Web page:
That evening at the supper table everything was quiet. By then the entire family knew of my plans, but not a word was said about them. Dad and Mom never said one word to me about my decision. This silence was so unlike my Dad—he always had opinions and answers about everything. His silence was shocking and completely out of character. I didn’t know what to think—it left me off balance.
Was he proud of me? Was he afraid of what could happen? Was he worried about what would happen to me as a person? It was obvious he was apprehensive, but beyond that, I couldn’t tell. Years later, after Dad died, my sisters told me that Dad was actually proud of me for going to Việt Nam. They told me he would proudly share news from my letters with his peers. This was a real shock to me—I never heard anything along these lines from him personally.
His silence made me think—do I know what I'm getting myself into? I was heading to a war zone. Am I really ready for this? But then, in a process I subscribed to in those days, I remembered how I had told myself that God would open the doors if this is what he wanted me to do. Boy, did the doors ever open!
Before my departure, my home church, Weavers Mennonite, asked me to say a few words about my upcoming PAX service during a Sunday evening program. They wanted to “commission” me and send me off with a blessing and prayer. As I recall, I was the only person my age at church who opted for overseas service to fulfil their alternate service requirement—everyone else signed up for domestic programs.
During my fifteen minute presentation, I was trying to make a point that if it was God’s will that I be safe in Việt Nam, then that is what would happen. Instead, I made a statement that I’m still embarrassed about today—“If it’s the Lord’s will,” I declared, “I believe the bullets in Việt Nam will bounce off me like ping-pong balls.”
My goodness, what did I just say? What kind of puffed up pip-squeak had I become? Mom and Dad heard it, but they never said a word. I wanted to crawl into a hole. Even today, when I drive past Weavers, I think about what I said and wonder if anyone still remembers it.
And so, it was through those proverbial open doors that in late April 1966, when I was twenty years old, I emerged from a Pan Am 707 jet into an incredibly hot and steamy Sài Gòn. What will become of me during these three years? Will I even make it back?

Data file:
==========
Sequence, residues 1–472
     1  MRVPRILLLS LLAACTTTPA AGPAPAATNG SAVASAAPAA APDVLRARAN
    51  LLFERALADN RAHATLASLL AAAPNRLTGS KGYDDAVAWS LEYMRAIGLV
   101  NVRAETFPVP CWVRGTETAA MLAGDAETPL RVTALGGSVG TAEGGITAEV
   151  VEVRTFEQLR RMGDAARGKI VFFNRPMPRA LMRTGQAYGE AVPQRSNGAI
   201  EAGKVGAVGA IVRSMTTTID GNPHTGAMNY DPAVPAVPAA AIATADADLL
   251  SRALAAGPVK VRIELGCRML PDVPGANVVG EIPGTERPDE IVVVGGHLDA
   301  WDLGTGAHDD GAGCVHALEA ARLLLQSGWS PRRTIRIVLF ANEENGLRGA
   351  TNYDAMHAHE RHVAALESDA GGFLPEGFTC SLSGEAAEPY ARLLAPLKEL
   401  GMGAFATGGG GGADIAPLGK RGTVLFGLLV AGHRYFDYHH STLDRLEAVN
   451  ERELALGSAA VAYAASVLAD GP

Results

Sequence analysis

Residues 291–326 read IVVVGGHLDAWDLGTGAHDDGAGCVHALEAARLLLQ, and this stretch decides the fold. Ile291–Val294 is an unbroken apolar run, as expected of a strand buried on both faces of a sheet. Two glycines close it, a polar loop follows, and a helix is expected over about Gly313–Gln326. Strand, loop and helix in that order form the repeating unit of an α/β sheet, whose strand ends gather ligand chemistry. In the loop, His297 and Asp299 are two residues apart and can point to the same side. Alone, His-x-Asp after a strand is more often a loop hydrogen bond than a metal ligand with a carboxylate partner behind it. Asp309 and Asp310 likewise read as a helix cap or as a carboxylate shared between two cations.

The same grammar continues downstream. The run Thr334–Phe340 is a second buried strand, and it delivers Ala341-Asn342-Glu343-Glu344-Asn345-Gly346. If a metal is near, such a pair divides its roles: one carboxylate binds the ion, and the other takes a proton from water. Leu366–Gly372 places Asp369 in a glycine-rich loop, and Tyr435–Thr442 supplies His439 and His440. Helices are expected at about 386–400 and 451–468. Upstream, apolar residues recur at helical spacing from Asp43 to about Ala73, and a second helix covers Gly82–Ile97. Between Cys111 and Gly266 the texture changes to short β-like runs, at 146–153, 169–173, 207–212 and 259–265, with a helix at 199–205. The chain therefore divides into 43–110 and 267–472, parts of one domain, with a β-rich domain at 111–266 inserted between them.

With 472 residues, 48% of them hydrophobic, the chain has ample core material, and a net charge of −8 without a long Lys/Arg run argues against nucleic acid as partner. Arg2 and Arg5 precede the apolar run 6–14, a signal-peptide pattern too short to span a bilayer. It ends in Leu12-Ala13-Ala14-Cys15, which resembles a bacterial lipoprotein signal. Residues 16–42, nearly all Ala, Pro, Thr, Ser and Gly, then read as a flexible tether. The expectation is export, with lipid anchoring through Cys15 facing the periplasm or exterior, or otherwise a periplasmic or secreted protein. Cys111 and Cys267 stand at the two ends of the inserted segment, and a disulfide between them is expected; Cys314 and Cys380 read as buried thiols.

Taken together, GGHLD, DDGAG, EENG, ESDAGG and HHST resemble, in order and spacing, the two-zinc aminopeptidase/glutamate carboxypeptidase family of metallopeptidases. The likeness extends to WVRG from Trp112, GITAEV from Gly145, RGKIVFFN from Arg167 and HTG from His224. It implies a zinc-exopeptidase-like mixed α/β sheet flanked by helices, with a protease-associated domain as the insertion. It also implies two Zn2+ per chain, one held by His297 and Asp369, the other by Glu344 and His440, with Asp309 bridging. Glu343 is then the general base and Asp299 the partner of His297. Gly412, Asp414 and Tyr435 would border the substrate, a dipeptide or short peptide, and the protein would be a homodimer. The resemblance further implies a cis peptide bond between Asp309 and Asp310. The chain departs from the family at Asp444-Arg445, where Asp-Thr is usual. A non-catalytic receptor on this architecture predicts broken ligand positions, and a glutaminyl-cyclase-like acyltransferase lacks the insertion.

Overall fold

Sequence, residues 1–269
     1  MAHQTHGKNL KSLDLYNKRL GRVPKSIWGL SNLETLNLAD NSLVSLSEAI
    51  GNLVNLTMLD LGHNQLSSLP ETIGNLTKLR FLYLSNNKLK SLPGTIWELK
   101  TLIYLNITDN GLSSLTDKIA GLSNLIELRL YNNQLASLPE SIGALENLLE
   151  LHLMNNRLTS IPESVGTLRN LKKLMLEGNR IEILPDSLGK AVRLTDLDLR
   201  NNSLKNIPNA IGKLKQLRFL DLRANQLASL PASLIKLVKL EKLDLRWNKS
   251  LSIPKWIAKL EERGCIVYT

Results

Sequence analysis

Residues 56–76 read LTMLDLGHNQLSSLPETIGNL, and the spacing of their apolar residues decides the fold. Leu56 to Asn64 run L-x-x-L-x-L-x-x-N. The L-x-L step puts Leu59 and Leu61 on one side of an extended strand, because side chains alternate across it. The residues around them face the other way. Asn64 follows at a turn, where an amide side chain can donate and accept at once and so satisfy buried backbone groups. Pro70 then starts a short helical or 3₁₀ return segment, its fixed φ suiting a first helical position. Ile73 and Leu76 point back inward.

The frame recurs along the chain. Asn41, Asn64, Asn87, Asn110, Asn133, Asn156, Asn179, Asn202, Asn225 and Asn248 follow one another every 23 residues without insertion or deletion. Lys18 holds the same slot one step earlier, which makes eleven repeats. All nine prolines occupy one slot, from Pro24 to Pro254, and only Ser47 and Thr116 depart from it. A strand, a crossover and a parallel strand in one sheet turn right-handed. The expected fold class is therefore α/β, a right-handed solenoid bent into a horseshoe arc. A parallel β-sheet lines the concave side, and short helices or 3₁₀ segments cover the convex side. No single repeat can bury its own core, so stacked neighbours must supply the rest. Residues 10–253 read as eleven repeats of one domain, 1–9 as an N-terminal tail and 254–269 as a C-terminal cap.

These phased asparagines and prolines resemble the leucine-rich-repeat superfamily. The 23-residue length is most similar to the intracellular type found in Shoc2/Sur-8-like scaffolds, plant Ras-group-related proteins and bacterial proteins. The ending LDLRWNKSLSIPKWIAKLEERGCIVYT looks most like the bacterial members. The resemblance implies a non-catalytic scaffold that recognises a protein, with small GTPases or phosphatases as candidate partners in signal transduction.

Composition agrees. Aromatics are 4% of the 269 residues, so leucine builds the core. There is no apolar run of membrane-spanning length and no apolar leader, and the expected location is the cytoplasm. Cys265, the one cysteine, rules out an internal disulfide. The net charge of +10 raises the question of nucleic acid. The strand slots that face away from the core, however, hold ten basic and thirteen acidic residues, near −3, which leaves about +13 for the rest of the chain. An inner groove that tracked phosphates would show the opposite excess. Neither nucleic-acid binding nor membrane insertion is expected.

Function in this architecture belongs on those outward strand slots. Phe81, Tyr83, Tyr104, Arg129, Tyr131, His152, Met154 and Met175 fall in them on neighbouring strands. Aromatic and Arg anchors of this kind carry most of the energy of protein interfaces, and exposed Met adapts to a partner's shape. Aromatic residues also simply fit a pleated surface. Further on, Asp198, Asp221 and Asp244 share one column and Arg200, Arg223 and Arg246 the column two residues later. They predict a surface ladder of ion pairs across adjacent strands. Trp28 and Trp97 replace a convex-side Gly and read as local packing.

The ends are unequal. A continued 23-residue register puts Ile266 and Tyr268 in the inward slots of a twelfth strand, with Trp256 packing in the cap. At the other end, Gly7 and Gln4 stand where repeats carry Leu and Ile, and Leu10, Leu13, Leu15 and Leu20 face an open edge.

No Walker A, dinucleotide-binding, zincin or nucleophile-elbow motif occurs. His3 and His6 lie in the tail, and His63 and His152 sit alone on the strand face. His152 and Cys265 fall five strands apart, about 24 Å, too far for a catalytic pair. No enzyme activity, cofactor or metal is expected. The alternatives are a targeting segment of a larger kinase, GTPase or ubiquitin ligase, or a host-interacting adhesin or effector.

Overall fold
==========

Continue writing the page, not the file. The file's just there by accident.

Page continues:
Three years later I did make it back. I was a very different person from the farm boy who left. Looking back, I can say that the Việt Nam experience was the most formative event of my life in terms of who I am today. It was the right thing for me—it was a powerful, paradigm-changing block of time.
My term of PAX service was packed full of life-changing experiences. I will, however, share one event that was particularly poignant that catches some of the drama and dilemma that was all too common during my term of service.
For part of my term of service, I worked as the bookkeeper for Việt Nam Christian Service (VNCS). My job was not only to keep records of all financial operations, but also to dispense funds as laid out in the budget.
In those days, all business transactions in Việt Nam were done in cash. There was no checking system for paying bills. Thus, handling and counting out money was a tedious reality of my daily routine. I would sign out bundles of cash to program leaders, and they would in turn send a monthly report to me, reconciling its use in accordance with the budget.
In order to keep the safe well stocked with cash, I would trek several blocks to the Hong Kong and Shanghai Bank two or three times a week with a large briefcase that would fill with piasters. I often wondered, being as obvious and regular as I was, whether I was being noticed or followed.
At the bank there was a string of perhaps a dozen tellers sitting behind steel bars. I got in the habit of going to one particular teller who went out of her way to be friendly and helpful. Besides, she was pretty. Her name was Co Lieng, and over time we became good friends. I enjoyed practicing my Vietnamese, and she was glad for an opportunity to polish her English. The friendship was daytime only—we only ever saw each other at the bank.
One evening, however, just after dark, I was relaxing in my room reading a Time magazine and swatting mosquitoes. I was startled by a knock at my door. Hmm. It was rather unusual for people to be out after dark because rockets were launched into and out of the city every night. I opened the door to find Co Lieng standing there crying.
“Co Lieng, what happened?” I was too surprised to even invite her in.
She was unable to speak for some time. Had someone in her family been hit by a rocket? I wondered. Eventually she was able to tell me her story.
“This evening I motorbike home from work. I stop red light. Many hundreds people on bicycles, motorbikes, cars, on foot. In front was U.S. army truck with U.S. armed soldiers riding in back. Soldiers notice me. I not feel good. Then one jumped off truck, run up to me...” She paused, searching for words. Then she put her hand on her breast and said, “He did this. I could not move. Hundreds of people saw. Some laughed. Some looked away. I so humiliated. Then light changed and soldier jumped back on truck and drove away.”
Co Lieng’s voice then hardened. “I get revenge. Tonight I leave for bush. I am going other side.” With eyes as hard as steel, she repeated, “U.S. soldier number ten. I get revenge.” Then she turned and vanished into the night. I never saw her again.
I often wondered if Co Lieng was one of the “other side” from the beginning. Had she been keeping an eye on me? And why did she bother to come tell me that she was leaving? What became of Co Lieng? Is she still living? Did she get her revenge?
And what became of the offending soldier? Is he still living? Does he remember what he did? Does he regret it?
Nothing in my upbringing had prepared me for the three year service assignment in Việt Nam. I grew up in a conservative Mennonite family of nine kids. We were taught that the proper way was to be the “quiet in the land”—we steered clear of secular and political institutions and processes. While MCC was a Mennonite organization, even it was a bit too liberal and “noisy” for the sensibilities of my family’s culture. Our way was strictly with the church and farming. I had hardly ever spent time away from home, and rarely rubbed shoulders with anyone not Mennonite. This may have been the source of my parent’s apprehension about my going to Việt Nam. Would I be able to cope?